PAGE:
USC College debuted its new Molecular & Computational Biology Building � a four-floor, state-of-the-art research and training facility located next to Kaprielian Hall � during a formal dedication ceremony April 26.
The 118,000-square-foot building will house researchers working on the frontiers of genomics as well as those investigating cutting-edge questions in molecular biology, genetics, bioinformatics and molecular evolution.
More than 200 guests attended the event hosted by USC College Dean Joseph Aoun and USC President Steven B. Sample, which included a reception, tours of the new laboratories and dinner.
“Tonight’s celebration is about much more than a magnificent building. It is about the innovative research that led us to build this new facility,” said Dean Aoun, holder of the Anna H. Bing Dean’s Chair. “Computational biology could only have started in the College of Letters, Arts & Sciences because colleges have the right building blocks: mathematics, biology and chemistry.”
“But it did not start in any college � it started at USC College because USC College nurtures a culture of interdisciplinary scholarship, and this is what distinguishes us from many other institutions,” Aoun said.
At the dedication, a small crowd of VIPs � all guests central to the effort to construct the new facility � gathered to help cut the large, yellow ribbon draped across the front entrance.
Participants in the ribbon-cutting were: President Sample; Dean Aoun; USC trustee Pat Haden, who is also a member of the USC College board of councilors; Robert Erburu, chair of the college board of councilors; Jana Waring Greer, a member of the college board of councilors; and three of the college’s most accomplished biological scientists � professor Myron Goodman, Distinguished Professor Norman Arnheim and University Professor Michael Waterman.
Calling the building a “gateway of new opportunity,” Sample congratulated Aoun and college faculty, students and supporters on the building’s opening. He also thanked outgoing USC Provost Lloyd Armstrong, Jr. for his efforts on behalf of the college and the entire university during his tenure.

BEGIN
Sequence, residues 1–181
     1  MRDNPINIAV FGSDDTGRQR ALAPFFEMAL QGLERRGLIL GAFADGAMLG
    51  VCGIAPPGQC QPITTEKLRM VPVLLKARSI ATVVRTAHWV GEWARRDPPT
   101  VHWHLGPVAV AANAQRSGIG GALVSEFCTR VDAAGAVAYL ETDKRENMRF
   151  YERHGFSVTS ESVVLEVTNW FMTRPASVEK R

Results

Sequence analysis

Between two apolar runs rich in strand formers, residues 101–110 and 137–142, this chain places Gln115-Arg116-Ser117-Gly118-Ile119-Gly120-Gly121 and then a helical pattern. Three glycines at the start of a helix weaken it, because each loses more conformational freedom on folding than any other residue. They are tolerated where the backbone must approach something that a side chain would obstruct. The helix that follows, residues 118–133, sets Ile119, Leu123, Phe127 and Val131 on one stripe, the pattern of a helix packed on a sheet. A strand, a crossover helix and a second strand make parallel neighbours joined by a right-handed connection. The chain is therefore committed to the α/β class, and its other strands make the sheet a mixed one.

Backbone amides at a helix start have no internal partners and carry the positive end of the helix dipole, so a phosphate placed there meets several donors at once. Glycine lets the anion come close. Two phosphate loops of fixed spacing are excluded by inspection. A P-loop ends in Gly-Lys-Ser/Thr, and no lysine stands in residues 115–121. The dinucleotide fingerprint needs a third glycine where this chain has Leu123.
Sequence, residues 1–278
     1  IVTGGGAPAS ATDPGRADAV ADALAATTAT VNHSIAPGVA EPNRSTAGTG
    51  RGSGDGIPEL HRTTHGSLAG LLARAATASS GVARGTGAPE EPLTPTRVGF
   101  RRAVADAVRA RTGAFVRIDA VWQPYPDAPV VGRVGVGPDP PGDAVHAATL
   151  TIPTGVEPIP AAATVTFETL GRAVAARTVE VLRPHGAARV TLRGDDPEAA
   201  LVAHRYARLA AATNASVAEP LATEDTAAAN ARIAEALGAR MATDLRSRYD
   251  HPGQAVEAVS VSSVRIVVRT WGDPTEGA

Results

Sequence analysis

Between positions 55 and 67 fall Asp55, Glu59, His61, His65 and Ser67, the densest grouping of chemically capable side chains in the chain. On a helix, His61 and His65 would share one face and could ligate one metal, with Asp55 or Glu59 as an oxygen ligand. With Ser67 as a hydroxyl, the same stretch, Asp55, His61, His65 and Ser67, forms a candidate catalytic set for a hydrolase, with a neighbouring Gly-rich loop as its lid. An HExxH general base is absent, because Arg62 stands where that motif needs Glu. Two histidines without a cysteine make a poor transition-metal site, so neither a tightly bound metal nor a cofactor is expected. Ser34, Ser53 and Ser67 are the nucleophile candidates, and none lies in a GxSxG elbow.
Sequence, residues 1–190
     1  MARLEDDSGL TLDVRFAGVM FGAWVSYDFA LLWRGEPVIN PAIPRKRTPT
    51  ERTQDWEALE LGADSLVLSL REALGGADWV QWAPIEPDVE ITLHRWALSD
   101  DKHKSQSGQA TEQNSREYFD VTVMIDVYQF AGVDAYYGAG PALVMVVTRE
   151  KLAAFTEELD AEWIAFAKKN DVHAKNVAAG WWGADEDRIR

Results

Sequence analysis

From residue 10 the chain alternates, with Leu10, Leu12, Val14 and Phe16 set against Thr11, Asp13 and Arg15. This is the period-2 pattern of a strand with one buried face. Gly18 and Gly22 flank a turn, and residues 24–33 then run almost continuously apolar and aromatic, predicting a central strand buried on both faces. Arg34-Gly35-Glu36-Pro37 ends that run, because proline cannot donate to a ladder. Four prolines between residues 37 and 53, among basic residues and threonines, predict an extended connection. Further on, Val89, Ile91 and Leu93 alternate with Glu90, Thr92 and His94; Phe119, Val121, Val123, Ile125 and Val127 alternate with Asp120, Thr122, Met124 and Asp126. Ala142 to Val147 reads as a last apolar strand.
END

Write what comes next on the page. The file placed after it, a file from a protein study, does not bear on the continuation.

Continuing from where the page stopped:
“This is not only a new building … [it] will be a complex and interdependent ecosystem of scientific creativity and invention,” Sample said. “First-rate research infrastructure is important to the success of the college and to the enhancement of the entire university.”
The building’s new occupants study both computational genomics � the design and development of algorithms that analyze DNA and protein sequences and the application of these algorithms to issues in a spectrum of biological and biomedical areas � and experimental or functional genomics.
The MCB Building will, for the first time, unite molecular and computational biology faculty in a shared physical space. Although the programs formally merged a number of years ago, until now faculty labs and offices continued to reflect the disciplinary division that the merger and the scientists themselves were working to erase.
“Interactions between the molecular and computational biologists have steadily increased since the merger of the two programs. However, I expect things to explode when we’re all under the same roof,” said molecular biologist Steven Finkel, an assistant professor of biological sciences.
The MCB Building, designed by the architectural firm of Zimmer, Gunsul & Frasca, boasts adjoining offices, common spaces, open areas, shared equipment rooms, meeting rooms and a seminar room.